Sponsored by CarePayment


Addressing patients’ most pressing insurance and financial concerns will build the trust and loyalty needed to keep them coming back no matter how sophisticated their medical buying habits become.


In these early days of healthcare consumerism, patients are far from the empowered and discerning shoppers for medical services that they will eventually become. Whether young adults, middle-aged, or retired; whether men or women; and regardless of income, the most common reaction to their medical bills is shock:

  • “When I first learned what my bill would be, it was terrible. I just didn’t have large savings at the time,” says Joe, a senior project engineer who broke his collarbone while mountain biking.
  • “When the bills started coming in, we were completely overwhelmed about how we were going to afford to pay them,” says Jean, 43, whose daughter was being treated by a specialist for ADHD and faced a $2,000 deductible.
  • “I thought I had better insurance but obviously not,” says Janet, a certified medical assistant for a physician practice who owed $1,200 of a total $4,000 bill for an emergency department visit.
  • “At first, when I looked at it all, I said, ‘Oh no, how am I going to pay my medical bills?” says Keeva, 36, who was responsible for $2,000 after an emergency C-section and neonatal care for her son.
  • “I worked for a property and casualty insurance company for 36 years before I retired. I know a lot about P&C coverage, I know a lot about life insurance, but let me tell you—health insurance can be so frustrating because it’s so complicated. Knowing what’s covered and what isn’t and how they’re going to treat it. It’s almost like it changes hourly in this day and age,” says Larry, 63, who had a $2,000 patient-owed balance after developing shingles.

Certainly, the rush to high-deductible health plans, increasingly the only option from employers and the popular choice on public and private insurance exchanges due to lower premiums, is fueling this confusion. Just 14 percent of Americans understand the basics of healthcare coverage, according to the Journal of Health Economics. Similarly, only one in five people can accurately calculate their out-of-pocket costs for a routine visit to the doctor, according to the American Institute of Research’s Health Insurance Literacy Survey.

Patient Education = Hospital Opportunity

This confusion presents a powerful opportunity for hospitals to leverage their patient access and revenue cycle staff to forge stronger patient ties and defend their market share against formidable new healthcare entrants. Retailers that have moved aggressively into healthcare delivery are skillful marketers with high-profile advertising, loyalty programs, and price promotions. But they don’t have the expertise, infrastructure, or people to help patients navigate the complexities of insurance choices and healthcare payment decisions.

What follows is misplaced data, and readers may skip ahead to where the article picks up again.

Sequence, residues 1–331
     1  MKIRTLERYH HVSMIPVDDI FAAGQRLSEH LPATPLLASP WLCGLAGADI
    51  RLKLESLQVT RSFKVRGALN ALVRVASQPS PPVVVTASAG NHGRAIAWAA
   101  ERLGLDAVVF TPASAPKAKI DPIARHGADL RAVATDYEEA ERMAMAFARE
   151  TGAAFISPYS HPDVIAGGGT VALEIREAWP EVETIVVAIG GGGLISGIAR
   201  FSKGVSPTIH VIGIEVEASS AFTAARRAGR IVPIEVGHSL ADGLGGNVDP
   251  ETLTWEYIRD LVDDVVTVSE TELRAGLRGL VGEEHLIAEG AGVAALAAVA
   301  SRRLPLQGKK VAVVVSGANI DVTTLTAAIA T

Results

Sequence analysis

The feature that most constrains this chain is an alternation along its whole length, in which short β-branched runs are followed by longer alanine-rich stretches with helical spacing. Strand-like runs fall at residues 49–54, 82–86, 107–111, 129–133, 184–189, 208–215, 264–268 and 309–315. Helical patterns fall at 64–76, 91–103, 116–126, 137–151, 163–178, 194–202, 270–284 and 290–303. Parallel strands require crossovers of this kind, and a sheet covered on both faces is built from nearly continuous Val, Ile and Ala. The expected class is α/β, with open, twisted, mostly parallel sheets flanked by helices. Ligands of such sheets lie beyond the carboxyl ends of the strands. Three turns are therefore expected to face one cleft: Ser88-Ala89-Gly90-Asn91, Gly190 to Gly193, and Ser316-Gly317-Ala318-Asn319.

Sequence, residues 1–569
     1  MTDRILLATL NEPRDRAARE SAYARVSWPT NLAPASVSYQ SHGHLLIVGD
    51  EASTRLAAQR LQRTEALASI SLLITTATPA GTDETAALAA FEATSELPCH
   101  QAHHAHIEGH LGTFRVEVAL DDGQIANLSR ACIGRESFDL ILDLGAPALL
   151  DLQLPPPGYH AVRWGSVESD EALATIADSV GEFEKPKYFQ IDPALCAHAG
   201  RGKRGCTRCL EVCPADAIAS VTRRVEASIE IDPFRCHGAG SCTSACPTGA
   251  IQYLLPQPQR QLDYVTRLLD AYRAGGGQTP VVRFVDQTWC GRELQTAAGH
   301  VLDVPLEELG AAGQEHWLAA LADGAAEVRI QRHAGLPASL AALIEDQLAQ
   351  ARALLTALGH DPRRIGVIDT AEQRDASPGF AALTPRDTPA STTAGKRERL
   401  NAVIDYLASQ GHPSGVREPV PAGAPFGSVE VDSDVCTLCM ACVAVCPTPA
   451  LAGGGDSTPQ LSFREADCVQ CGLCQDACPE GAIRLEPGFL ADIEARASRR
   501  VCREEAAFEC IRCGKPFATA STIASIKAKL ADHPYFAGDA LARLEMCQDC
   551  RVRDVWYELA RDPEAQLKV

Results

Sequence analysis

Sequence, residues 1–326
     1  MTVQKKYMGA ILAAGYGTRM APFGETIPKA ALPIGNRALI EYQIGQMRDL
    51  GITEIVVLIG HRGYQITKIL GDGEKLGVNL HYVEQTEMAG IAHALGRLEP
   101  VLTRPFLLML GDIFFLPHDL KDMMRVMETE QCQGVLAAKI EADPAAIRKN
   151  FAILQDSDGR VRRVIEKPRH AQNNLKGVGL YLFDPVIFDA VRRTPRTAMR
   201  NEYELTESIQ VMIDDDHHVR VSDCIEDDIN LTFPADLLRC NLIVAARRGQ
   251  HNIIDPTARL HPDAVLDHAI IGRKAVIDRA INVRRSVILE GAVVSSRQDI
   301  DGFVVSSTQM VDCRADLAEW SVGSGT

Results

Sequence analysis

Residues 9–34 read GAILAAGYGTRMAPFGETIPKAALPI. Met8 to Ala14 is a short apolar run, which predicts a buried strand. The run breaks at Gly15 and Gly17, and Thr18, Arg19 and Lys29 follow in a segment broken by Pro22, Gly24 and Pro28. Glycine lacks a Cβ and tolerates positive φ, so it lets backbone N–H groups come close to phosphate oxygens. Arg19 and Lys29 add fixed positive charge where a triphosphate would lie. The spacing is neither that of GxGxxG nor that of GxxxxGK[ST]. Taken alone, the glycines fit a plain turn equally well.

This is an area where hospitals can excel. They can counteract moves that threaten to reduce some healthcare to an impersonal transaction at a retail provider—get an annual physical, get a strep test—by emphasizing the same type of personal attention, relationships, and trust that are the hallmarks of their clinical care.

To help educate patients about health insurance, providers need to equip financial services staff with tools for balance estimation, propensity to pay, and charity screening, as well as training on best practices for financial communication. With these, they will be able to effectively engage patients in a discussion about their insurance, financial assistance, and financing options. Some hospitals and health systems already have initiated a range of patient financial services, including becoming certified Medicaid application sites and providing financial counselors as certified application counselors to help patients apply for health coverage on the federal insurance exchanges.

This approach means that traditional providers can offer newly minted healthcare consumers something they can’t get anywhere else: a knowledgeable helping hand, with customer service personalized to each patient. It is just this type of attention and assistance that can inspire devotion and referrals that money can’t buy. In fact, one word-of-mouth recommendation is up to 100 times more valuable than a paid ad, according to recent research by the Word of Mouth Marketing Association.

Patients who have benefited from provider-sponsored financial services, including patient financing programs, are already spreading the good word to friends and family.

  • “It makes me feel like my provider really cares about you as a person. It was just like they cared more.”
  • “It felt like they wanted to help me and not just stick me with a bill.”
  • “I’ve told my friends and family that [the financing program] is just the best thing out there.”

Addressing the most pressing insurance and financial concerns of today’s patients will build the trust and loyalty needed to keep them coming back no matter how sophisticated their medical buying habits become.


Huntley McNabb is vice president of marketing, CarePayment, Lake Oswego, Ore., and a member of HFMA’s Oregon Chapter.

Publication Date: Monday, October 05, 2015

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